Women are pushing back against the gender imbalance in media by launching their own news nonprofits and focusing on topics many traditional news companies have long ignored.
Exclusive: Prism, a BIPOC (Black, Indigenous, and people of color)-led nonprofit news outlet, is launching this week to focus on coverage of electoral justice, gender justice, workers’ rights, criminal justice, racial justice and immigration, executives tell Axios.
- Prism soft-launched in 2019 with the backing of a number of foundations. Its hard launch this week comes on the heels of the rounding out a remote staff just before the pandemic started in March. The company now has 10 full-time employees, half in editorial, all of whom are women of color.
- Ashton Lattimore, editor-in-chief at Prism and former editor of the Harvard Law Review, says that the company is uniquely positioned to intervene in this moment. "Women, colored folks, and LGTBQ are typically left out out of media narrative, and that has real world consequences at any time," says Lattimore.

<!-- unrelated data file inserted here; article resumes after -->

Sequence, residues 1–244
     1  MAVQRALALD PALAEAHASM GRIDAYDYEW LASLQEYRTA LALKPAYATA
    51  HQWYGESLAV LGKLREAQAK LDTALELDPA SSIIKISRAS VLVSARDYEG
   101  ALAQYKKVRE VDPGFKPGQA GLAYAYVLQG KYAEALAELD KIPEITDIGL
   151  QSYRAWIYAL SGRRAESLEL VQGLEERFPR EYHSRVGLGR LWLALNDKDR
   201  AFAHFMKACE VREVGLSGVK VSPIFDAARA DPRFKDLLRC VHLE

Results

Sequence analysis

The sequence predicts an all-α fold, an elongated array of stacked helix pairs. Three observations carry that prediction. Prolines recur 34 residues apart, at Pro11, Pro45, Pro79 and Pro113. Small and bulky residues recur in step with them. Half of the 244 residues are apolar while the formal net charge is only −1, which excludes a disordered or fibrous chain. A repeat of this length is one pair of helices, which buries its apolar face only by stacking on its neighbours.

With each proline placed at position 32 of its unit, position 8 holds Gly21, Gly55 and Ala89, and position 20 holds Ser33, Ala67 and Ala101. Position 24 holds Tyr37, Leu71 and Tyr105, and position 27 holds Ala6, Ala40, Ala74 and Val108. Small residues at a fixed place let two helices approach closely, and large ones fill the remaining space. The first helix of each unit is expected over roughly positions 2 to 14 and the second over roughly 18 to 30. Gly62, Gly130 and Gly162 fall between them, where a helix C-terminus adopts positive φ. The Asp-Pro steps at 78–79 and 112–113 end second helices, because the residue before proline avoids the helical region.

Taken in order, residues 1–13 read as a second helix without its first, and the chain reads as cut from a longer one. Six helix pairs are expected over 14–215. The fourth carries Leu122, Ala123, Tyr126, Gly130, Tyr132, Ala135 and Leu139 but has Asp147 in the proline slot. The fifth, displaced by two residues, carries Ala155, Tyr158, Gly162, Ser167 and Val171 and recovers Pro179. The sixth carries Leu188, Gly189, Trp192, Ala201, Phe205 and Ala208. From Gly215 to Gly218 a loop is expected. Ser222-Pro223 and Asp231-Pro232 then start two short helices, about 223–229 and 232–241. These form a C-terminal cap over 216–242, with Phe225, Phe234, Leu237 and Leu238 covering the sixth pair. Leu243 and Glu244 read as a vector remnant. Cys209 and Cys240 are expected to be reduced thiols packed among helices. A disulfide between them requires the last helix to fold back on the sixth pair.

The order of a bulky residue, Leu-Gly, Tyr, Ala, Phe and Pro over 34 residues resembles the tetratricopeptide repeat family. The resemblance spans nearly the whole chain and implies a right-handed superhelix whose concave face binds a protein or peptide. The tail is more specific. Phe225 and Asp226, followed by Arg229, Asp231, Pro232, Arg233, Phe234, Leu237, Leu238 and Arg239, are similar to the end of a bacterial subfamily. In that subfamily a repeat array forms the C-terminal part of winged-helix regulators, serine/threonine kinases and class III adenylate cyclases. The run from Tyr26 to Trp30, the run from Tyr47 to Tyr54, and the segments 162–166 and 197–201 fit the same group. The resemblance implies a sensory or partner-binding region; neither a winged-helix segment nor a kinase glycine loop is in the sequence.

The 19th*, named in honor of the 19th amendment to the Constitution, launched this week with $8.5 million in fundraising.
- Its goal is to elevate stories from people that have long been underserved by the American media, from conservative women in flyover territory to women of color, says Emily Ramshaw, co-founder and CEO of The 19th*.
- The outlet announced strategic distribution partnerships with USA Today and Noticias Univision on Monday.
The Fuller Project, a nonprofit that's been around since 2015, has raised $8.4 million since late 2016, executives tell Axios.
- The Fuller Project focuses on global reporting of injustice to women. For years it has partnered with many mainstream news companies to distribute its reporting to mainstream audiences.
- It has about 20 staffers globally, roughly half in the newsroom.
- "Right now at the intersection of everything happening with race and social justice, the coronavirus and public health — women's stories are the center of those moments, whether talking about income, unemployment, or childcare," says Khushbu Shah, The Fuller Project's interim editor-in-chief.
Be smart: The gender and racial disparities in newsrooms are awful, despite many news audiences skewing female.
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